I read this in 3rd grade, the year it came out, and loved it. I have not read it again in the years since, but at the time it stuck out as so very different than many other books I was reading. It is probably a good intro to dystopic fiction, though I must imagine the technology sited would be dated at this point.
Allison Webster
1. This book belongs to the junior science fiction genre.

2. Anna knew she was different. She never quite fit in with her family. Surprisingly, she find out that she is part of a secret experiment. Her bonds with her brother strengthen as they rally to discover the truth about Anna.

3. The are for critique is plot. This plot is intricate. It has many plot twists and the end is a shocker! This turns this book into a page turner. This plot is exciting and lends itself to the science fiction realm....more
Tansy
I read this book when I was a teenager, and it is the book I immediately thought of when I started watching Orphan Black.
Karen
I just re-read this book that I'd read in 6th grade. At first I was put off by how unrealistic the technology seemed, and the fact that the cloned girl acted like a robot. But it was surprisingly psychologically complex, with her learning how to be an individual and to care about other people. If you can ignore that some of the outcomes of the cloning make no sense, it's great metaphorically.
Snail in Danger (Sid) Nicolaides
Aug 10, 2011 Snail in Danger (Sid) Nicolaides marked it as maybe-read-sometime  ·  review of another edition
Recommended to Snail in Danger (Sid) by: http://www.goodreads.com/topic/show/368122-book-about-a-girl-who-has-been-cloned-from-a-scientist-s
Seems to cover a lot of the same thematic territory as Cyteen, from a juvenile point of view. If I were writing a paper or dissertation I'd definitely reading this, but it doesn't seem interesting enough on its own for me to want to, as someone outside the target demographic.
Hari
Aug 11, 2012 Hari rated it 4 of 5 stars
Recommends it for: Sci-fi fans
Recommended to Hari by: I bought it
Shelves: ya-mg-fiction
This book scared the crap out of me as a kid. So much so that I hid it from myself and continued to have the occasional nightmare about it for years after. So, while for me it was a miserable experience, it can only speak to the author's gift that it was able to affect me so profoundly. So 4 stars. 1 off for scaring the crap out of me. lol
Carrie
I read this book in high school and absolutely loved it. It has stayed with me for 20 years.
Jill
I remember reading this book in junior high and it creeped me out. Enough so that I have thought about it off and on for years because even back then I knew I was missing some of the points of the plot because I wasn't old enough to understand it yet. It is as good as I remember it, and I got so much more out of it this time around.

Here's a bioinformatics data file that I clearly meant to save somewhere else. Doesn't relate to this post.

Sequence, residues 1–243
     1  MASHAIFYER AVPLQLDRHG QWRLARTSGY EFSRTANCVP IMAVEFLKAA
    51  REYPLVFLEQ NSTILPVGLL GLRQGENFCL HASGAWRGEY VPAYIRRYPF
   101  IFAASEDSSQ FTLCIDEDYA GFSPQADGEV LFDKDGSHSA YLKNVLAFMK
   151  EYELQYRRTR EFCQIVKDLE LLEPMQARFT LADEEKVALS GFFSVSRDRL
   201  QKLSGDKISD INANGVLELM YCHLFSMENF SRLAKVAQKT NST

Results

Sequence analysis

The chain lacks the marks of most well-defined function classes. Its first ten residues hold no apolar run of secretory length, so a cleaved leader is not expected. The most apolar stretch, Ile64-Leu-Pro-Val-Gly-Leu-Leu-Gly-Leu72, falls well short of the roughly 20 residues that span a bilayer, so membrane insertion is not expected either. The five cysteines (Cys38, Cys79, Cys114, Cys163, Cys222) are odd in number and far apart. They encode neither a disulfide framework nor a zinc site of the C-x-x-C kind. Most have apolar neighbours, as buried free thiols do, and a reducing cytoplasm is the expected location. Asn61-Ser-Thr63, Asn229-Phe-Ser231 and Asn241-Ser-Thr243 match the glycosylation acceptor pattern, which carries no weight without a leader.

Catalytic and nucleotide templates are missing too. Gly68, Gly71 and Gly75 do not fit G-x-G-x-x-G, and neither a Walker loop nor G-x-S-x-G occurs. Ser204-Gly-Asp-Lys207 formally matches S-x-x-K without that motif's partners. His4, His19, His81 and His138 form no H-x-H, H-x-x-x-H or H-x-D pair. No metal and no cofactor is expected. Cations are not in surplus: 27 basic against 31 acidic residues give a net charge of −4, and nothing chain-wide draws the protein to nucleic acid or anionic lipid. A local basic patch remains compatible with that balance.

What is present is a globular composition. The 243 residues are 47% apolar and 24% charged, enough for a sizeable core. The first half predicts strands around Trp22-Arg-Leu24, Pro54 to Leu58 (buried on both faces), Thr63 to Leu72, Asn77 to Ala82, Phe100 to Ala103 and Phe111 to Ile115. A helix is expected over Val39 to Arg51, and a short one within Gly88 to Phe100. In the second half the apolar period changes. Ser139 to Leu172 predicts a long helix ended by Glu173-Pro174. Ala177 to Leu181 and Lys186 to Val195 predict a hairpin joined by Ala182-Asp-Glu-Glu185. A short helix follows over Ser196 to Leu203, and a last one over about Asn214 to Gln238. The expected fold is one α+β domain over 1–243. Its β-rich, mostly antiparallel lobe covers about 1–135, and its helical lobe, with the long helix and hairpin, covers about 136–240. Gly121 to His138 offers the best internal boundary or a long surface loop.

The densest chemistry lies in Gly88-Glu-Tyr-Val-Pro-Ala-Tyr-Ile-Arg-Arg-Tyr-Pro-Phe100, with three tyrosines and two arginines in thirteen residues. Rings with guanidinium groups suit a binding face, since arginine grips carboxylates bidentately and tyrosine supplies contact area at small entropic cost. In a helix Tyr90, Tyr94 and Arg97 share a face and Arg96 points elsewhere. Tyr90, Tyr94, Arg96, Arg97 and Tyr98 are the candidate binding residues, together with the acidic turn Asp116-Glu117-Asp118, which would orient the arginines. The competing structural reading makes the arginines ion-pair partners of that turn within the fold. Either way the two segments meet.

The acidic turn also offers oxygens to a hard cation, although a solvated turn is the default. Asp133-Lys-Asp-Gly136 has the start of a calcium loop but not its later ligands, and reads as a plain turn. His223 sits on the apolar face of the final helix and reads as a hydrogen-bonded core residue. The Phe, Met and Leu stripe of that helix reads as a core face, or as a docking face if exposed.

Marshall Evans
This is the first book that ever broke my mind as a young adult. I was obsessed with this book and the ideas it contains. It is hard to find now and very rare but it is a good book full of ideas about being different, dystopian societies and control of the populace.
Stacy
I remembered seeing the movie for this when I was young but could not find it anywhere so I got the book. I read it in one night very good read hard to put down, dark ending...I needed a disney chaser movie in order to fall asleep. I recommend it.
Joy Mclaurin
So so so glad I found out about this one. I loved the movie as a kid and still know it by heart. The book, despite the differences, has the same feel. Like visiting an old friend I've just met.
Craig
Sep 18, 2013 Craig rated it 1 of 5 stars
Shelves: ya
Too many elements bog this down: dystopia! Extramarital affair! Music! Sibling rivalry! Holocaust! Unlikable characters! Cloning!

If you like your books with the kitchen sink, this one's for you.
Linda
Anna is a clone who discovers more about herself than was planned by powers who set it all in motion. Great twist ending. Engaging read worth the time to interloan it (published in the early 80's)
J.
Eh. It's not too bad, but I really didn't find myself able to connect to the character at all. Interesting concept, but really Halam's "Taylor Five" is a better treatment of the concept.
Jennifer
I found this old book at the cottage we rented. It was totally awesome. Anna is a clone -- part of an experiment to recreate a lost great mind. Still a really interesting idea.
Ms Threlkeld
I read this in middle school and loved it. When I saw it at a used book sale I snatched it up. Just started reading it last night and am thoroughly enjoying it.
Heather
I read this book about 30 years ago and still remember it and the story line. I remember enjoying the story line and that doesn't happen to a lot of books.
Antigone
Aug 25, 2008 Antigone rated it 4 of 5 stars
Recommends it for: tweens who like sci-fi
Again, another favorite I owned and so read and reread and reread. Loved the sci-fi quality and really set me up to love 1984.
Leela4
Really, it IS a good story. But I personally rate it 3 out of 5 stars because I find dystopias unbearably silly.
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US writer of novels for older children, a few of them fantasy - See more at: http://www.sf-encyclopedia.com/entry/...